THOUGH India calls itself the world’s biggest democracy, the fact that Reporters Without Borders has placed the country below Pakistan where press freedom is concerned says a lot about the Indian media’s true state of affairs after nearly a decade of Narendra Modi’s rule. As per the RSF’s 2023 World Press Freedom Index, India stood at 161 out of 180 countries, while Pakistan came in at 150 (an improvement over last year’s ranking). These are not enviable statistics for either country, but the Indian propaganda machine’s claims about commitment to democracy lie exposed by the RSF ranking. The fact is that in India, a compliant, corporatized mainstream media has worked diligently to project the BJP/Hindutva narrative, while those brave media persons and outlets that prioritise truth-telling over serving the rulers are hounded by the state. Of particular concern is the fact that powerful business conglomerates with close ties to the ruling party have acquired most mainstream media outlets, ensuring that the ‘patriotic’ narrative muscles out alternative voices. Moreover, the RSF report notes that critical voices face “horrific harassment campaigns”, which has led to self-censorship. As some media watchers have noted, much of the mainstream press in India has transformed into ‘godi media’, indicating the close, unhealthy relationship between these media outlets and India’s ruling party.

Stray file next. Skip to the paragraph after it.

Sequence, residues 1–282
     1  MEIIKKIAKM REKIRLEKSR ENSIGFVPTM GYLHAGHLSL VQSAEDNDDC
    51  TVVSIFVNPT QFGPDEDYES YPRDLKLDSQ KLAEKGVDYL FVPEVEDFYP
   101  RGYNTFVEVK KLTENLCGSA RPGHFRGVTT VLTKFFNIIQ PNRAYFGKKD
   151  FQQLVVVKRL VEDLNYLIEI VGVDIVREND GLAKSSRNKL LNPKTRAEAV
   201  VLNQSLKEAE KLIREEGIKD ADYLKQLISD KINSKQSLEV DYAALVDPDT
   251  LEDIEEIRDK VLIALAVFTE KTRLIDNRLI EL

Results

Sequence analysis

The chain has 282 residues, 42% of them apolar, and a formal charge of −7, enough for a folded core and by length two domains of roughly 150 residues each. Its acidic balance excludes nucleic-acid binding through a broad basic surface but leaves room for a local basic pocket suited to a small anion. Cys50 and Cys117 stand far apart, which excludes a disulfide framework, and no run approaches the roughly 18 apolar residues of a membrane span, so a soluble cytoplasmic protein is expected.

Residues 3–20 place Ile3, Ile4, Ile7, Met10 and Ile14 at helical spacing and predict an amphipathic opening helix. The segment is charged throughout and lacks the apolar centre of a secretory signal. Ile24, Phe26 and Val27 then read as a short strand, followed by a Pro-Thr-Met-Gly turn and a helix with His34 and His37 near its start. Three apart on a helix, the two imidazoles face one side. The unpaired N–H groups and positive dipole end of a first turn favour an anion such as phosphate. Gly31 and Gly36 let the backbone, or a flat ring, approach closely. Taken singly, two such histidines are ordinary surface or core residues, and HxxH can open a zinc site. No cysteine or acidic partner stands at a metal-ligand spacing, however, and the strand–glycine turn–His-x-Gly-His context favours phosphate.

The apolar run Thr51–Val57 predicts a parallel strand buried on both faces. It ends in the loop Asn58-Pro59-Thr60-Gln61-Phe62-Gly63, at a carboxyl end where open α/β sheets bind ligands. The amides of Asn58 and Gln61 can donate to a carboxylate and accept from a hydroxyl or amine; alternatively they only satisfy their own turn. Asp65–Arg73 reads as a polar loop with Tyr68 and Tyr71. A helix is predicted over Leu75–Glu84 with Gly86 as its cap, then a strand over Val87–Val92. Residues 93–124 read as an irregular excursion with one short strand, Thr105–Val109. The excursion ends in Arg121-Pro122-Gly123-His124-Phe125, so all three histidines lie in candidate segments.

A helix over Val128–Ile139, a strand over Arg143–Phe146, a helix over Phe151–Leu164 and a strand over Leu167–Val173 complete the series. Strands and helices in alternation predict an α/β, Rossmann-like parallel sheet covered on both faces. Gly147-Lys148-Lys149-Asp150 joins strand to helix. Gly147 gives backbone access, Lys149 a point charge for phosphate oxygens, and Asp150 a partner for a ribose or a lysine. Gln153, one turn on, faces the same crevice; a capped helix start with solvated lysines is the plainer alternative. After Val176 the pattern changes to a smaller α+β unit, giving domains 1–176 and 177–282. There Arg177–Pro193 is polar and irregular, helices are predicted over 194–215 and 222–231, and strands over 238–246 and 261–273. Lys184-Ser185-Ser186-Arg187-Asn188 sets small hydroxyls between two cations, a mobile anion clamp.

The debilitating effects on society of this bonhomie between corporate media and the right-wing government is quite obvious. Screaming anchors often rail against Pakistan, while India’s Muslims are, at best, treated as a troublesome minority, and at worst are demonised and accused of sympathising with terrorists. These destructive narratives propelled by the unquestioning media inflame communal tensions, and can abet anti-Muslim violence. For example, the demolition of Muslim homes by the state has been celebrated by media outlets, while many critical journalists — Muslim and non-Muslim — have been hauled up and charged under the sedition law. Even established foreign media outlets have not been spared the onslaught. For instance, earlier this year, the BBC offices in India were raided after the UK’s public broadcaster released a documentary examining Mr Modi’s role in the 2002 Gujarat anti-Muslim pogrom. The message is clear: anyone who fails to toe the line will face the wrath of the state. That may be the way things are done in authoritarian states, but countries calling themselves democracies should certainly not be resorting to such draconian tactics.

Published in Dawn, May 5th, 2023

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